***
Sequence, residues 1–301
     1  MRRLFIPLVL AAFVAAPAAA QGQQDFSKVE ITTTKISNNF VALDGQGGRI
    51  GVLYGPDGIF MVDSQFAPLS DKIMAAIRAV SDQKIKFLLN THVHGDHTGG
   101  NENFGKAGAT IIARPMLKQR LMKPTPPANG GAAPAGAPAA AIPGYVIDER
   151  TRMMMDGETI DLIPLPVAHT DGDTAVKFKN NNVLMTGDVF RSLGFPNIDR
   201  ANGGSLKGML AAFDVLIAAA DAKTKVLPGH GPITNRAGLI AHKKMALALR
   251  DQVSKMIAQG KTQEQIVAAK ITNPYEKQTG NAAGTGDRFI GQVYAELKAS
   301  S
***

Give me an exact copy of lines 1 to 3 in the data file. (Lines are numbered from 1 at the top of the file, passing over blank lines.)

Sequence, residues 1–301
     1  MRRLFIPLVL AAFVAAPAAA QGQQDFSKVE ITTTKISNNF VALDGQGGRI
    51  GVLYGPDGIF MVDSQFAPLS DKIMAAIRAV SDQKIKFLLN THVHGDHTGG